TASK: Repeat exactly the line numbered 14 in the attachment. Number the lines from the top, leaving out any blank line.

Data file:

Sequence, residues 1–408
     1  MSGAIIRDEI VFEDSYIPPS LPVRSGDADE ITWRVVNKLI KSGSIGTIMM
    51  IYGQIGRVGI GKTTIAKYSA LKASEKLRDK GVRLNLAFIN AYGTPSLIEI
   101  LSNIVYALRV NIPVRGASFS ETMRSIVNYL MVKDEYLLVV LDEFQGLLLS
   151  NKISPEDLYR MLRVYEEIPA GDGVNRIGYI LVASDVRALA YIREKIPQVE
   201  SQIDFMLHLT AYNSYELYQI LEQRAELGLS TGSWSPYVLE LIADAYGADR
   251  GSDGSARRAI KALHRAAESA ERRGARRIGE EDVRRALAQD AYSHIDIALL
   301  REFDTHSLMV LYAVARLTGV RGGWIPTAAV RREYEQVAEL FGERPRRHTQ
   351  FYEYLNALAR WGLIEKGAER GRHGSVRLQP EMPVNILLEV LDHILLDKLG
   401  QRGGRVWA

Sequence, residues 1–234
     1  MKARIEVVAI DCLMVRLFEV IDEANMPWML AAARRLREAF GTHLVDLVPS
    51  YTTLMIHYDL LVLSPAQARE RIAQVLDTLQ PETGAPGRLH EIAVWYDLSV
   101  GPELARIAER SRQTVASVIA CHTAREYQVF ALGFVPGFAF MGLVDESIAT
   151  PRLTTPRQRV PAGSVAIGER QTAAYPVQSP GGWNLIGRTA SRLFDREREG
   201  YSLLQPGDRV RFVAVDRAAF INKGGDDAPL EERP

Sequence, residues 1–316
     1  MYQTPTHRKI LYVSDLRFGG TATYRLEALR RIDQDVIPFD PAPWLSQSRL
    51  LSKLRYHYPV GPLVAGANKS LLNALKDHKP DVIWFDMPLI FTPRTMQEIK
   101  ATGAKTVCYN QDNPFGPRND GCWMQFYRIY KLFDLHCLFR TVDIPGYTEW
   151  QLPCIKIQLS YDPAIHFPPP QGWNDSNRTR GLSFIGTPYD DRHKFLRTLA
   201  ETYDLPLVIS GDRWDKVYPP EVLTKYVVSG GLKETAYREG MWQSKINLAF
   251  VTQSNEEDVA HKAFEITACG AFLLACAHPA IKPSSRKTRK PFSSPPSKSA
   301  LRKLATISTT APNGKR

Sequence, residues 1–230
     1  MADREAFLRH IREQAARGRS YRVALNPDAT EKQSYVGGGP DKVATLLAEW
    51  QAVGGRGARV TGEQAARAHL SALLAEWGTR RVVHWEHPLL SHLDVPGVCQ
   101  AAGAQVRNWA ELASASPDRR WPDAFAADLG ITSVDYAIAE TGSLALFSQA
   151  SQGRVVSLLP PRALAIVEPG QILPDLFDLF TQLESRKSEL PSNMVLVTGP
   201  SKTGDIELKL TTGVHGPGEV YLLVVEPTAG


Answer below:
   101  GPELARIAER SRQTVASVIA CHTAREYQVF ALGFVPGFAF MGLVDESIAT